Wednesday, January 12, 2011

High Flight

As the news media puzzles over how President Obama will eulogize the victims of Saturday’s Tucson massacre, they’ve harkened back to speeches by President Clinton after the Oklahoma City bombing and President Reagan after the Challenger disaster.

While Reagan was indisputably eloquent, it’s a mistake to think he or his speech writers conceived the lines “… slipped the surly bonds of earth to touch the face of God.”

He was loosely quoting the poem High Flight, written by Gillespie Magee, an American pilot serving with the Royal Canadian Air Force in the early days of World War II.

I was surprised to learn, while researching Magee, that he did some of his RCAF pilot training at the RCAF base in Trenton, Ontario, right next door to the venue of the 2002 BMW Motorcycle Owners of America rally. We were entertained daily by the landings, takeoffs and low passes of the RCAF Hornet fighters.

He joined the RCAF to fight the Germans several months before the U.S. entered World War II. Magee was killed in a mid-air collision with a trailer aircraft in clouds over the English village of Roxholm and is buried in England. He was 19 years old.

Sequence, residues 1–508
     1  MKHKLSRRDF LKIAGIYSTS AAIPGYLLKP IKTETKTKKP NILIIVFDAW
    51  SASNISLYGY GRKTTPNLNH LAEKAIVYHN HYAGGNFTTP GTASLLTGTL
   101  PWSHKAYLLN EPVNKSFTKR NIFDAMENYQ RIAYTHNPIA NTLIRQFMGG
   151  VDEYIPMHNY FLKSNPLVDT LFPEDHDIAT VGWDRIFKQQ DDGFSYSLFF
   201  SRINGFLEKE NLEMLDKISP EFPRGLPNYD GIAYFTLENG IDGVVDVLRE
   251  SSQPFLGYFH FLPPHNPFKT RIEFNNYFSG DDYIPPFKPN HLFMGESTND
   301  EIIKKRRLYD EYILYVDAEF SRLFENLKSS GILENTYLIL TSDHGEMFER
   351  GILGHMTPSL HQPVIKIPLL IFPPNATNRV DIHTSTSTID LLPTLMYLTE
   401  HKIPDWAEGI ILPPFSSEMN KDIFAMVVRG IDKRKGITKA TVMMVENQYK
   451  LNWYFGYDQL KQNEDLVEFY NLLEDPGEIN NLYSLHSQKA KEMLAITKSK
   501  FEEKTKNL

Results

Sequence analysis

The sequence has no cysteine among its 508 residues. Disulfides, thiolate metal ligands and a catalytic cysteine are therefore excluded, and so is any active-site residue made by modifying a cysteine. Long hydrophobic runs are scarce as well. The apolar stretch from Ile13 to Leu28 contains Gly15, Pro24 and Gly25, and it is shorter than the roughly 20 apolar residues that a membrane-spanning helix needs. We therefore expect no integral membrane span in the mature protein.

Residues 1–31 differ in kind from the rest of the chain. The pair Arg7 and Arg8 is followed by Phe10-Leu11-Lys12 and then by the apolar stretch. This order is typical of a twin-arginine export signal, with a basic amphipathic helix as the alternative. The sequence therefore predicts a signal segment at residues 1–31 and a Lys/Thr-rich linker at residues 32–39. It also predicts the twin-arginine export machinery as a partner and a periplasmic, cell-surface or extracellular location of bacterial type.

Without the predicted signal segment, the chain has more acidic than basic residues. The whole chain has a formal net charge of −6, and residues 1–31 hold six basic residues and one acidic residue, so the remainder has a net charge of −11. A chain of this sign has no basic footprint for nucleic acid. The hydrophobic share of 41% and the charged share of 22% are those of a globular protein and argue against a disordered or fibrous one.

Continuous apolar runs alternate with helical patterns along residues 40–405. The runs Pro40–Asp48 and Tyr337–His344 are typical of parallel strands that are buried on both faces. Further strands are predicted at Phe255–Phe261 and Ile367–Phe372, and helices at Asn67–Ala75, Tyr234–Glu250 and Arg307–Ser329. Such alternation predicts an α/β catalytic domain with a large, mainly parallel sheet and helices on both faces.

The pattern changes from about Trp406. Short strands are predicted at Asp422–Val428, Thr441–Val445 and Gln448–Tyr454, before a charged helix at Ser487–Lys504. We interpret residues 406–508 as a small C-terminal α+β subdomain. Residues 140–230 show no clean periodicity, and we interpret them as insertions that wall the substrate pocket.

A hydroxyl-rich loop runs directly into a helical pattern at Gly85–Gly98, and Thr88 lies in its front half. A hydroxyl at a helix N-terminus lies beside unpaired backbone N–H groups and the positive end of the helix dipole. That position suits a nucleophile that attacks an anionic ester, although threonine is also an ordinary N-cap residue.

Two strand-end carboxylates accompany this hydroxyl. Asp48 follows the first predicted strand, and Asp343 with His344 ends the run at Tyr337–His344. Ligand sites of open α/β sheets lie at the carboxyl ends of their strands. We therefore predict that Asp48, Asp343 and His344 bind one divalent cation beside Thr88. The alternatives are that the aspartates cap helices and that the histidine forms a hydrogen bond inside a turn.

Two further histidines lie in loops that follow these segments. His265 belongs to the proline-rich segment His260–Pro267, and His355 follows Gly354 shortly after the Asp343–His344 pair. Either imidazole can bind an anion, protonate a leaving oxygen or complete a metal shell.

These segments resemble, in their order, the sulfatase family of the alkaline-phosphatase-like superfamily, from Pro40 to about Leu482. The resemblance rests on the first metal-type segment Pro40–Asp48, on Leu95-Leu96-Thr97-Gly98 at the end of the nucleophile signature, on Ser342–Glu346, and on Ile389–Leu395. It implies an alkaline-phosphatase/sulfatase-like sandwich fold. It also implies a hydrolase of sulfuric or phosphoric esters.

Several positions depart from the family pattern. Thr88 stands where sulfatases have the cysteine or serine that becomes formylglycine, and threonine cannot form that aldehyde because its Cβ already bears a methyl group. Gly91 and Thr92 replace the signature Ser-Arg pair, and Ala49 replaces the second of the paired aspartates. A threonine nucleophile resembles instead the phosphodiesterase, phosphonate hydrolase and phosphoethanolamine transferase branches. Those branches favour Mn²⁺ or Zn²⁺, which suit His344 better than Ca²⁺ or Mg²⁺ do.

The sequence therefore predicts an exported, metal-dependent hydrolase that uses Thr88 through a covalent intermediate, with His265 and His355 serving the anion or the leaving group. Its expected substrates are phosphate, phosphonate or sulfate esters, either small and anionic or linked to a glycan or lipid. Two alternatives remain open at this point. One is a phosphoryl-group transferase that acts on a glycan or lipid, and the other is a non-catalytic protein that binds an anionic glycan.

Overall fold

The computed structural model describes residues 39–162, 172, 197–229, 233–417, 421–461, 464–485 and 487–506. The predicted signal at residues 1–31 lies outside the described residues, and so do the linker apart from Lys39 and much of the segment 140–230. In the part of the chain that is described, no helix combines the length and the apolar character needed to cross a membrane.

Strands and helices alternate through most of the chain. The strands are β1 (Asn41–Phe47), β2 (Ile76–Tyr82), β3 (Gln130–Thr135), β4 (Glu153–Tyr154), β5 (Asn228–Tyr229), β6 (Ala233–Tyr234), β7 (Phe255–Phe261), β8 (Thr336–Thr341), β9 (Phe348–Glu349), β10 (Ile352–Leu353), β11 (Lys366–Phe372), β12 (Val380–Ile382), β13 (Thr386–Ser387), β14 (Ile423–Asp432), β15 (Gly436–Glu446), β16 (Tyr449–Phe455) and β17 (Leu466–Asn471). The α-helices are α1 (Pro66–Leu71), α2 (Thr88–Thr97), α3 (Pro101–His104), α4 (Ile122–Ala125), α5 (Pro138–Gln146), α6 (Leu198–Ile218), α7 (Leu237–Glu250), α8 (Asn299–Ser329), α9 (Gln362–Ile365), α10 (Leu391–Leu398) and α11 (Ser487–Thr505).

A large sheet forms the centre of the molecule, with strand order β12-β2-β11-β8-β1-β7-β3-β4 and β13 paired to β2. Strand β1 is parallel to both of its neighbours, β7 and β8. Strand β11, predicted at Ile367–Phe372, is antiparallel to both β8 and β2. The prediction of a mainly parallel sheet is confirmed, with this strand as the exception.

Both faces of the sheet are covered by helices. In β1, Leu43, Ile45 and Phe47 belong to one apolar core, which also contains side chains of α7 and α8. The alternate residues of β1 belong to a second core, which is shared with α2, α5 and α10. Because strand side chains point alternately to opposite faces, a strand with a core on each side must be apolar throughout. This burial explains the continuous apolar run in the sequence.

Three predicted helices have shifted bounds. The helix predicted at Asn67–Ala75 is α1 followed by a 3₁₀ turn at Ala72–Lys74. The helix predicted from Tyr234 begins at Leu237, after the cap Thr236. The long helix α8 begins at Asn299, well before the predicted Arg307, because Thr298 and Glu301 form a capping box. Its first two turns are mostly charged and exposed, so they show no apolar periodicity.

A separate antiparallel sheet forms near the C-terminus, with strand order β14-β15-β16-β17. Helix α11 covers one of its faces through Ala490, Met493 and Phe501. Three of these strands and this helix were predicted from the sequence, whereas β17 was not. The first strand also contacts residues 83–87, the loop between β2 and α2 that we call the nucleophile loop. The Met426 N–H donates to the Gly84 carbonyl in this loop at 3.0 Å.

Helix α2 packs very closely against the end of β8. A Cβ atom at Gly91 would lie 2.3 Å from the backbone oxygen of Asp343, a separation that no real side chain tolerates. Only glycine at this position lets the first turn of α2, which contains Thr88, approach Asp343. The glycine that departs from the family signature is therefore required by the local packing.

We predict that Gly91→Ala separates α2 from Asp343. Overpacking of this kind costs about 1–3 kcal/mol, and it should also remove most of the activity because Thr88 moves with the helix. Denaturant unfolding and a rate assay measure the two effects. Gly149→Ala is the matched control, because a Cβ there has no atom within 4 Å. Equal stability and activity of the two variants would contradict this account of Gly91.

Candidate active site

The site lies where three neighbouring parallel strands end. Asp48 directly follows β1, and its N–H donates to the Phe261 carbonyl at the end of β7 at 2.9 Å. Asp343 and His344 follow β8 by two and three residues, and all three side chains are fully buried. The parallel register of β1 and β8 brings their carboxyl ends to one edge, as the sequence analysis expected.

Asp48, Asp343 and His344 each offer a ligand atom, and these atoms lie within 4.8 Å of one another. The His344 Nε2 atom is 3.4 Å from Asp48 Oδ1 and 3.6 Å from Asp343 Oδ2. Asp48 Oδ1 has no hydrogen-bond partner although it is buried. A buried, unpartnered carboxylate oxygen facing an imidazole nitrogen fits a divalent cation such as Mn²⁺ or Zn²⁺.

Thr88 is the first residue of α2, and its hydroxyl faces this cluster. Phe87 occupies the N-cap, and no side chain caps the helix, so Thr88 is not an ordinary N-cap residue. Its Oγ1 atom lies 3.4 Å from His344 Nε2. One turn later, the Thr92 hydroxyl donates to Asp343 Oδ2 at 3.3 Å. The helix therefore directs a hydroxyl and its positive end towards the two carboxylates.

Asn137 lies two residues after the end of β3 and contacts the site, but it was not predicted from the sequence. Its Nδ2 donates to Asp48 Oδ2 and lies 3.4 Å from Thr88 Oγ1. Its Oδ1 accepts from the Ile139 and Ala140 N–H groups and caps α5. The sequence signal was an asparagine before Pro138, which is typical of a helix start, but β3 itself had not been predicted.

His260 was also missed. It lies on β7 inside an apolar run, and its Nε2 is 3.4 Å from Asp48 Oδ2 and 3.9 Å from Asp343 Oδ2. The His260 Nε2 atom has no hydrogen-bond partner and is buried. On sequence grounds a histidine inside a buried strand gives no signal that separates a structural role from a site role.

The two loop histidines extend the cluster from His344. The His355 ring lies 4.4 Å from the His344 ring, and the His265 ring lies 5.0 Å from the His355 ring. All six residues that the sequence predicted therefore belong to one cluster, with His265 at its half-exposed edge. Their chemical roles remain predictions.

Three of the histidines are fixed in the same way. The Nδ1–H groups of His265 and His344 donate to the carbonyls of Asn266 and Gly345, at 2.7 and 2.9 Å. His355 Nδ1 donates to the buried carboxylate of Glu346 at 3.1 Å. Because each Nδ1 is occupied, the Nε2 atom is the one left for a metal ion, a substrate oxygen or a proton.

High Flight

Oh! I have slipped the surly bonds of earth
And danced the skies on laughter-silvered wings;
Sunward I've climbed, and joined the tumbling mirth
Of sun-split clouds - and done a hundred things
You have not dreamed of - wheeled and soared and swung
High in the sunlit silence. Hov'ring there
I've chased the shouting wind along, and flung
My eager craft through footless halls of air.
Up, up the long delirious, burning blue,
I've topped the windswept heights with easy grace
Where never lark, or even eagle flew -
And, while with silent lifting mind I've trod
The high untresspassed sanctity of space,
Put out my hand and touched the face of God.

Pilot Officer Gillespie Magee
No 412 squadron, RCAF
Killed 11 December 1941

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